It didn’t affect you creatively then. You were pretty cool with it.

Nah I wouldn’t say so! A lot of things that I talk about, they didn’t really stop within that time so not a lot changed other than the fact we were all locked inside.

To my understanding, you grew up in Brazil and then moved to the UK at a young age. What music did you grow up listening to?

In Brazil, the must isn’t too different you still get the American and UK music out there but back then you wouldn’t see it as much, whereas now you see it all over the place. It was mainly Brazilian music like Samba and Funk, I grew up on that. When I moved here, I started listening to a lot more Rap music.

How did you find this transition?

It’s hard to remember but I grew into it. Nowadays, I barely listen to Brazilian music, well, I’ve been listening to it recently because I’ve been working on a couple projects that I want to do. I still love Brazilian music, but I grew out of it.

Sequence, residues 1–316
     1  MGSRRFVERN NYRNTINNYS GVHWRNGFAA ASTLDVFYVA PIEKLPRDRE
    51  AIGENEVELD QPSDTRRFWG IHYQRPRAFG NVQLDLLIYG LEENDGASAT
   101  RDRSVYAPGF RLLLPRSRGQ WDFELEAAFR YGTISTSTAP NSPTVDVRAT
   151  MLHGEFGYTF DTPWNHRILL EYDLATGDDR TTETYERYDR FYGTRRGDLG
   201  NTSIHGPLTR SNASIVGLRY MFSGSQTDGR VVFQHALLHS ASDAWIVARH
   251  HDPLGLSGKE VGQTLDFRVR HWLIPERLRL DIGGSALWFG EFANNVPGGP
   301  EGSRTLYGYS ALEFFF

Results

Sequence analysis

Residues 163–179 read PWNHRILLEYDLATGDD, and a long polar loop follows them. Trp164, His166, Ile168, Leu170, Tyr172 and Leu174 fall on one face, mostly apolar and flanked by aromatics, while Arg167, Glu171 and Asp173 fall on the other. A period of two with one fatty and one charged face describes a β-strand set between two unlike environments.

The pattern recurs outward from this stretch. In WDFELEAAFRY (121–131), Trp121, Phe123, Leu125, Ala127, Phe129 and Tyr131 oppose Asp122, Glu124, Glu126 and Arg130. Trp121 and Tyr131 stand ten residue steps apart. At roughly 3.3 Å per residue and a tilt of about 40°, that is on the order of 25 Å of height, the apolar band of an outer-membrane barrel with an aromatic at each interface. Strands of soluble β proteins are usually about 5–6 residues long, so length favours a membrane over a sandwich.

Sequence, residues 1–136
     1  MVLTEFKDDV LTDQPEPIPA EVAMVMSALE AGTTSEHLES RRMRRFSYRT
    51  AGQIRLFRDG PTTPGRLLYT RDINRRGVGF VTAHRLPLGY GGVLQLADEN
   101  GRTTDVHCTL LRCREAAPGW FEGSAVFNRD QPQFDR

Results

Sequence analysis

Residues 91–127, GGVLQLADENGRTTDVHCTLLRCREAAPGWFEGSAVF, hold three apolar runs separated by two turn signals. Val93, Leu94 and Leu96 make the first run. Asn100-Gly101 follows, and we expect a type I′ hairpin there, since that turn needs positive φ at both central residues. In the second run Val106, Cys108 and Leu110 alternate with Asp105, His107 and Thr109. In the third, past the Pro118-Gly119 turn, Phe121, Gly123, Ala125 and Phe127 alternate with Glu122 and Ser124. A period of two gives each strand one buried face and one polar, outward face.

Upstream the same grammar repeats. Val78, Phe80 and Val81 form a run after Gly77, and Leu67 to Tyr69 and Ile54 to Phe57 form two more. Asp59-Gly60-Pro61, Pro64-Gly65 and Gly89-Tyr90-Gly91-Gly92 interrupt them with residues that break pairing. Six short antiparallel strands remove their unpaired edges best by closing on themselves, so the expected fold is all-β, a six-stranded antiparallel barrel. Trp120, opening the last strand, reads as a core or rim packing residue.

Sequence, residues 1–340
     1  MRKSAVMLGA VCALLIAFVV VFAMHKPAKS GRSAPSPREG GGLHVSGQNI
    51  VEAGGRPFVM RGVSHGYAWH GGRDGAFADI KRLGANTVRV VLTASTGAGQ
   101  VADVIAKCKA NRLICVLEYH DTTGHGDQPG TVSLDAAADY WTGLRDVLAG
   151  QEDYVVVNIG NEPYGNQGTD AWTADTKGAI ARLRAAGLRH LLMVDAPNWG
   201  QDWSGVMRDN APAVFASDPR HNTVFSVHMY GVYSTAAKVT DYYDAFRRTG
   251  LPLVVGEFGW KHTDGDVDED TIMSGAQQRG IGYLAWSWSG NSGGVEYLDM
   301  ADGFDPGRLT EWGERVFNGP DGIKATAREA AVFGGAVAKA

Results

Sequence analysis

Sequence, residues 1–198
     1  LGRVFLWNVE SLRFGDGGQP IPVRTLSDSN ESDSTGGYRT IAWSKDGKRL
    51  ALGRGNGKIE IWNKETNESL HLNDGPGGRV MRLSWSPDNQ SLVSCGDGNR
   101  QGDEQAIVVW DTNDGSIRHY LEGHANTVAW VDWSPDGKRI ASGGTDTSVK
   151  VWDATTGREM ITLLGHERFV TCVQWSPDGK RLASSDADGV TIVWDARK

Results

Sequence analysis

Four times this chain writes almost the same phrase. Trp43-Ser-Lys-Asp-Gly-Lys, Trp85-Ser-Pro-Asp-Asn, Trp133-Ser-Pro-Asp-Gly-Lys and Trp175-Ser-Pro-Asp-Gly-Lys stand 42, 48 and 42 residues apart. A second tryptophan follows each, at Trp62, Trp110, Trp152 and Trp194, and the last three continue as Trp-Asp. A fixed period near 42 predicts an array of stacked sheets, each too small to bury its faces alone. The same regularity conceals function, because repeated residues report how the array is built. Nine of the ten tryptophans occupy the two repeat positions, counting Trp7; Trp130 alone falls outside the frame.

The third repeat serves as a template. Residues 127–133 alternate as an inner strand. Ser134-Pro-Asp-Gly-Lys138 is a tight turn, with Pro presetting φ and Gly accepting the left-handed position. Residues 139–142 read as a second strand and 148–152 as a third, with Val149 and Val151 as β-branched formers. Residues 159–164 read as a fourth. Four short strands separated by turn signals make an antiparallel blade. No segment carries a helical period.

How did music pave a way into your life for you to then consider it as a career? Did you start by freestyling or?

I first started getting into it through freestyling around the mandem at school like you do, it was nothing serious at first but then we started booking out sessions after school once a month and that’s when we started to take it a bit more seriously. I remember doing one-minute freestyles so much to the point where I would go to the YouTube beat and only be able to write for one minute because I was posting them up on Instagram. Me and my bredrin grew up on it together.

What made you want to start taking it seriously? Was there a triggering point in which you thought nah I am just going to go for it?